Conventional wisdom, that imperfect, inconsistent gauge of our thoughts, suggests voters can be divided into three categories: Those who vote for Sinn Féin, those who might, and those who, no matter what, would never vote for the party.
The same happyish-as-we-are principle applies to other parties but is not absolute. Fine Gael occasionally borrow Fianna Fáil voters and vice versa. Sinn Féin is the Marmite party, you either do or you don’t and, so far, never the twain shall meet. Whether the weekend coronation of Mary Lou McDonald as Sinn Féin’s next leader changes that dynamic only time can tell.
McDonald joins a very small club of Irish women who have led political parties — Mary Harney, Joan Burton, and, if she concedes to being called Irish, Arlene Foster — but even in that exclusive club, McDonald stands alone. Harney and Burton were elected but McDonald’s elevation by acclamation did not require a vote — just like the appointment of Michelle O’Neill as party leader in the North. Foster’s appointment followed a vote by DUP Assembly members and MPs.
O’Neill’s position is held at the pleasure of the party’s current leader, or so we are led to believe. At the time of her appointment, Gerry Adams shrugged off criticism of the one horse race, saying it was akin to any frontbench appointment. And never the twain shall meet indeed.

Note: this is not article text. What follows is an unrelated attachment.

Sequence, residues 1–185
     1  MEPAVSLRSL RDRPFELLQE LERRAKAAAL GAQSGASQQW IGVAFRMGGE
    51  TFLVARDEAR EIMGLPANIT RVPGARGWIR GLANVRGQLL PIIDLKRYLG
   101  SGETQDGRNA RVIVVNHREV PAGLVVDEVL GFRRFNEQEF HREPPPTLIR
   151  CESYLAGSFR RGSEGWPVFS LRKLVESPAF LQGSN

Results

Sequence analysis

McDonald’s appointment at least follows long-established party practice. Ever since he was appointed in November 1983, Gerry Adams has, each and every year, been returned unopposed as leader. McDonald’s first coronation follows Adams’ 34. There are no other examples in modern Europe were a political leader has enjoyed such unquestioning support for so long, though the career of Zimbabwean dictator Robert Mugabe ran, in terms of longevity at least, almost parallel to Adams’ three-and-a-half-decade magisterium.
During those decades, McDonald has, unwaveringly, defended Adams when he defended the IRA terror campaign that divided this island in a way that makes discussion about a united Ireland at best far-fetched and at worst dangerously naive. Even if there was a 32-county democratic mandate for that evolution, extreme Unionism, just as extreme, violent Republicanism did, would oppose it in a way that makes the idea untenable in any current political lifetime.
Despite that, the latest example of McDonald’s Pavlovian defence of the indefensible was her response to the McElduff/Kingsmill controversy. This was just one in a long line that confirms that Sinn Féin cares far more about its particular objectives than they do for democracy or basic decency. There are, sadly, many more examples.
It is too easy to be critical of Sinn Féin, a party that, for 35 years, has been more like a cult than a reliable player in our democratic process, but if politics are to mean anything the possibility of redemption must endure. Hope must be imagined, if not embraced. That is the greatest challenge facing McDonald — that she might actually be the leopard that changes its spots and become more than the latest dreary mouthpiece for one of the very darkest forces in our history.